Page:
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This article in SSSAJ

  1. Vol. 22 No. 4, p. 275-278
     
    Received: Oct 13, 1956
    Published: July, 1958


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doi:10.2136/sssaj1958.03615995002200040001x

Relationships of Particle and Pore Sizes to the Growth of Sunflowers

  1. Scott A. Miller and
  2. A. P. Mazurak2

Abstract

Abstract

Sunflowers (Helianthus annuus, L.) were grown in 20 compacted soil separates, ranging in diameters from 4,760 to 2.31µ, which contained pores of diameters between 529 to 2.23µ. Two moisture levels, 20-cm. water tension and moisture content at “flex point,” were imposed on the 20 separates. Nutrient solution was applied to the separates.

Noticeably different growth rates of sunflowers were measured at the two moisture levels. Maximum rate of stem elongation at 20-cm. water tension was nearly three-fold greater than was that at “flex point” moisture percentage. Maximum growth of sunflowers at 20-cm. water tension was obtained from separates between 52.3 and 210µ in diameter or pores with mean diameters of 17.7 to 43.5µ. Optimum growth of sunflowers at “flex point” moisture was on separates 13.1 to 9.25µ in diameter whose pores were about 4µ in diameter. Aeration appeared to limit the rate of stem elongation when air occupied less than 4% of the pore space.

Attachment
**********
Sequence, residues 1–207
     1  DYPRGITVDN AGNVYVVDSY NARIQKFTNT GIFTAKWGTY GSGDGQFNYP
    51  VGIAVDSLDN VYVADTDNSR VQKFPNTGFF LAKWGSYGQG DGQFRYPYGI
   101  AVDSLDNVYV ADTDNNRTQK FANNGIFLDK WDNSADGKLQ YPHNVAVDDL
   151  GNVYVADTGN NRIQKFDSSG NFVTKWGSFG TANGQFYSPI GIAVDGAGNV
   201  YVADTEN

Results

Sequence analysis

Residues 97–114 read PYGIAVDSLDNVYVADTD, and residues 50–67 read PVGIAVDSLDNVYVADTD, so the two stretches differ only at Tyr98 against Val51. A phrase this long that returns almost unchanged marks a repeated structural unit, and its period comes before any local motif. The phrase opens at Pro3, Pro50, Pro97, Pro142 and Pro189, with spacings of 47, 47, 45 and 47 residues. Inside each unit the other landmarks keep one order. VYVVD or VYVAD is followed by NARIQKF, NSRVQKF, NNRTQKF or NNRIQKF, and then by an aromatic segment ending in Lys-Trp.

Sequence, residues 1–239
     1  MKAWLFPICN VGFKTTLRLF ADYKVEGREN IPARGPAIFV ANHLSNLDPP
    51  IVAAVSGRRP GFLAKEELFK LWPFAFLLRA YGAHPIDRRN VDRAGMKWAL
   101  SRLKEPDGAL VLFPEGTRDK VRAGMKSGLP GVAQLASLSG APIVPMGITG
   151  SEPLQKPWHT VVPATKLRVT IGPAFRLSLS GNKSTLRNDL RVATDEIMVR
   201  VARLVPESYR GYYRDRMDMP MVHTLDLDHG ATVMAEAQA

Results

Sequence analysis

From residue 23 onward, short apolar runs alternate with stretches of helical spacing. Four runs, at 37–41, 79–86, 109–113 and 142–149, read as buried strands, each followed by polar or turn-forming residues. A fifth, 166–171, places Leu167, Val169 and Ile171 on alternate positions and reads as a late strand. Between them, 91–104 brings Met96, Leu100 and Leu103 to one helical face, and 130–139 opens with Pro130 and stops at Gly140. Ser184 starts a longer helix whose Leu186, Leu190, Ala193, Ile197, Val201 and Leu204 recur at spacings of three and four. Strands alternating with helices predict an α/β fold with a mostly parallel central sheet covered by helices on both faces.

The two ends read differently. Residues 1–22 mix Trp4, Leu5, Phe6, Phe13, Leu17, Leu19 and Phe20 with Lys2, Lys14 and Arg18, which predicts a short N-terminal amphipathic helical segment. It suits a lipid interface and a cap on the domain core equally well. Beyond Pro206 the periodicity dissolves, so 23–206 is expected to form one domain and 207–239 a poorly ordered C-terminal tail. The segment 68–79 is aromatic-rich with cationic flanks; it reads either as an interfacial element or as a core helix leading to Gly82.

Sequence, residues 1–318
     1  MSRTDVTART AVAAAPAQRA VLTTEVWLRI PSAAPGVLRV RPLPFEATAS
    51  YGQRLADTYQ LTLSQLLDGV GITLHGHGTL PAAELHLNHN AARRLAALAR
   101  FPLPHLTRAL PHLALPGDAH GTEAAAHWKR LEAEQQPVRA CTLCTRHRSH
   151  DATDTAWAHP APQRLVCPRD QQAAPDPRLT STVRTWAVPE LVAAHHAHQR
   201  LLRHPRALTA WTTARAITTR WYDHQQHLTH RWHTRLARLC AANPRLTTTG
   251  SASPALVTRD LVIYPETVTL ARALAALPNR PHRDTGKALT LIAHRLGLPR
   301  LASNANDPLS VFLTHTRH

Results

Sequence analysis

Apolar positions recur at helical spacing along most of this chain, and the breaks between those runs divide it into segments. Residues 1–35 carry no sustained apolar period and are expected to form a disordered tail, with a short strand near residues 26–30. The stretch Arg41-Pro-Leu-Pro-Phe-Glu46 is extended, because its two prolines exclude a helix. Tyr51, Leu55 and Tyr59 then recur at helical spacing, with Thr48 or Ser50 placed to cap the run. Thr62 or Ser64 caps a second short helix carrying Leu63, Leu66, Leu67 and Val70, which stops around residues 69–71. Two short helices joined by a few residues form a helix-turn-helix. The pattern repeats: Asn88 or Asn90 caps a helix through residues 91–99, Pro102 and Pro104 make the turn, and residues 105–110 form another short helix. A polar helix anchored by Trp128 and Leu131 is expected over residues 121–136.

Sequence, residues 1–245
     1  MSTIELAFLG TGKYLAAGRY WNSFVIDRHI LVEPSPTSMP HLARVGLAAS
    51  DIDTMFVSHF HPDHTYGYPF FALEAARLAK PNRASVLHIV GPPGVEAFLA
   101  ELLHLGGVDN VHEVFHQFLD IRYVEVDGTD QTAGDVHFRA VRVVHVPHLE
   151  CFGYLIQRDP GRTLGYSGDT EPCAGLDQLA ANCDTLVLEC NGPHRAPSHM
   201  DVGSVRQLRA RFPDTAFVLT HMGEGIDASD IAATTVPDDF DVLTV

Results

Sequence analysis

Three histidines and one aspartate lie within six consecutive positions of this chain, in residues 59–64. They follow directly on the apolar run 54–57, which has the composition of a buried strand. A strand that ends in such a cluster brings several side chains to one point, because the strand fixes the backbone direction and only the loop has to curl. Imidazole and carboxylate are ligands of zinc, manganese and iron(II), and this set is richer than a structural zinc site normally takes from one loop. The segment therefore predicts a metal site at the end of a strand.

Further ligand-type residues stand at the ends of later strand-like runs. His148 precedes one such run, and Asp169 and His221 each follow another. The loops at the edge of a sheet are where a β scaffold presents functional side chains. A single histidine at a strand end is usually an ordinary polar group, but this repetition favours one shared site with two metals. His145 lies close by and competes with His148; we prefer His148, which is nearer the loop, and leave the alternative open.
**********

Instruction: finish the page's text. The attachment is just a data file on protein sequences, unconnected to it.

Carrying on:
Maximum growth rate of sunflowers at both moisture levels apparently was determined by the influence of pore size upon aeration and area of root-solution contact. The greater the area of root-solution contact, as determined by pore size and moisture tension, the more favorable was the growth of roots and shoots, provided aeration was not limiting.

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